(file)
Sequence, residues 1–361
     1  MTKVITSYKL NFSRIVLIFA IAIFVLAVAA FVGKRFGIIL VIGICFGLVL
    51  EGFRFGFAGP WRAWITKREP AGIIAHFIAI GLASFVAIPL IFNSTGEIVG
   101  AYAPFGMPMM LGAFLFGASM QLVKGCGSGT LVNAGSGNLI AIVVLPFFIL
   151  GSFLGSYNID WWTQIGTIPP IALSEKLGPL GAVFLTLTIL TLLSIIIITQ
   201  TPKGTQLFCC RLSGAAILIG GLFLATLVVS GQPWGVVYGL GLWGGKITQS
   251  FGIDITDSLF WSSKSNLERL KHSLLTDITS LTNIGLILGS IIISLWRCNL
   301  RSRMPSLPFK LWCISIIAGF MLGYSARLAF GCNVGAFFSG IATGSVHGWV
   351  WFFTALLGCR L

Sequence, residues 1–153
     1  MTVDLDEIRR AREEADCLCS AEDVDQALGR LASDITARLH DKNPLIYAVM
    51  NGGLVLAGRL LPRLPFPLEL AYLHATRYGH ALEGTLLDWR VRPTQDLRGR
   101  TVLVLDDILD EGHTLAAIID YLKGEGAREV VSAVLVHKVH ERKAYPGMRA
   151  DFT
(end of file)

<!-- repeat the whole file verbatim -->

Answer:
Sequence, residues 1–361
     1  MTKVITSYKL NFSRIVLIFA IAIFVLAVAA FVGKRFGIIL VIGICFGLVL
    51  EGFRFGFAGP WRAWITKREP AGIIAHFIAI GLASFVAIPL IFNSTGEIVG
   101  AYAPFGMPMM LGAFLFGASM QLVKGCGSGT LVNAGSGNLI AIVVLPFFIL
   151  GSFLGSYNID WWTQIGTIPP IALSEKLGPL GAVFLTLTIL TLLSIIIITQ
   201  TPKGTQLFCC RLSGAAILIG GLFLATLVVS GQPWGVVYGL GLWGGKITQS
   251  FGIDITDSLF WSSKSNLERL KHSLLTDITS LTNIGLILGS IIISLWRCNL
   301  RSRMPSLPFK LWCISIIAGF MLGYSARLAF GCNVGAFFSG IATGSVHGWV
   351  WFFTALLGCR L

Sequence, residues 1–153
     1  MTVDLDEIRR AREEADCLCS AEDVDQALGR LASDITARLH DKNPLIYAVM
    51  NGGLVLAGRL LPRLPFPLEL AYLHATRYGH ALEGTLLDWR VRPTQDLRGR
   101  TVLVLDDILD EGHTLAAIID YLKGEGAREV VSAVLVHKVH ERKAYPGMRA
   151  DFT